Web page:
This book comes with a massive burden of hype, from the breathless jacket copy to the rave reviews on the back. There are very few books that can live up to a "best book you'll ever read" level of hype and unsurprisingly this one doesn't, either. It's not entirely fair to Miranda July that I had to work against inflated expectations because this is a good book; it just didn't change my life. The problem is that contrary to the jacket copy, it isn't terribly daring or audacious or unique. It's not shocking, though it tries to be. It's well written; the language has verve and the descriptions are accurate and witty, but the targets are predictable. Chromotherapy, Western cultural appropriation, home birth, pretending to be a nonprofit. About the only false note was the narrator doing her shopping in Ralphs. Instead of feeling like a knowing satire, a joke shared between author and audience, it felt stale. The sex tried too hard to be shocking--though again this is a problem of expectations; if you tell the reader it's going to be dirty, the reader is only going to be disappointed it wasn't as dirty as she thought it would be.

If you're going to read this book, which isn't a bad idea, don't read any reviews or jacket copy. You'll probably enjoy it more. ( )
  arosoff | Jul 11, 2021 |
Showing 1-5 of 40 (next | show all)
Cheryl Glickman, the narrator of Miranda July’s strenuously quirky first novel, is a peculiar woman of peculiar habits who works at a business with peculiar customs. So it comes as little surprise when she finds herself saddled with a house guest who is also rather odd. Eccentricities, as uncountable as the sands of the Sahara, drift and blow through this book, piling up in dunes that must be scaled by characters and readers alike.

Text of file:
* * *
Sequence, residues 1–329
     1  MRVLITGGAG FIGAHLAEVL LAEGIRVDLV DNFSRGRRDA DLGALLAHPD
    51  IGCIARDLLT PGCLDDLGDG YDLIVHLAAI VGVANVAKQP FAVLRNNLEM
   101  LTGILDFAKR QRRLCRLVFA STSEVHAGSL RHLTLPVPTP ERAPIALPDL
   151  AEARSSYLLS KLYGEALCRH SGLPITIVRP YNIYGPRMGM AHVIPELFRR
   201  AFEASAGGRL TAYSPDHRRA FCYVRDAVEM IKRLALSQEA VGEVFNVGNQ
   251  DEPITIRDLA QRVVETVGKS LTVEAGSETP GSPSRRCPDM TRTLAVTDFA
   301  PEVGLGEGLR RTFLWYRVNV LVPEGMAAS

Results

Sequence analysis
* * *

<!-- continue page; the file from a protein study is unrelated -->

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For Michael Chadbourne Mills
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I drove to the doctor's office as if I was starring in a movie Phillip was watching-windows done, just one hand on the wheel.
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Wikipedia in English (1)

"Here is Cheryl, a tightly-wound, vulnerable woman who lives alone, with a perpetual lump in her throat. She is haunted by a baby boy she met when she was six, who sometimes recurs as other people's babies. Cheryl is also obsessed with Phillip, a philandering board member at the women's self-defense nonprofit where she works. She believes they've been making love for many lifetimes, though they have yet to consummate in this one. When Cheryl's bosses ask if their twenty-one-year-old daughter, Clee, can move into her house for a little while, Cheryl's eccentrically ordered world explodes. And yet it is Clee--the selfish, cruel blond bombshell--who bullies Cheryl into reality and, unexpectedly, provides her the love of a lifetime. Tender, gripping, slyly hilarious, infused with raging sexual obsession and fierce maternal love, Miranda July's first novel confirms her as a spectacularly original, iconic, and important voice today, and a writer for all time. The First Bad Man is dazzling, disorienting, and unforgettable"--

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Here is Cheryl, a tightly wound, vulnerable woman who lives alone, with a perpetual lump in her throat. She is haunted by a baby boy she met when she was six, who sometimes recurs as other people's babies. Cheryl is also obsessed with Phillip, a philandering board member at the woman's self-defense nonprofit where she works. She believes they've been making love for many lifetimes, though they have yet to consummate in this one. When Cheryl's bosses ask if their twenty-one-year-old daughter, Clee, can move into her house for a little while, Cheryl's eccentrically ordered world explodes. And yet it is Clee-the selfish, cruel blond bombshell-who bullies Cheryl into reality and, unexpectedly, provides her the love of a lifetime. Tender, gripping, slyly hilarious, infused with raging sexual obsession and fierce maternal love. (ARC)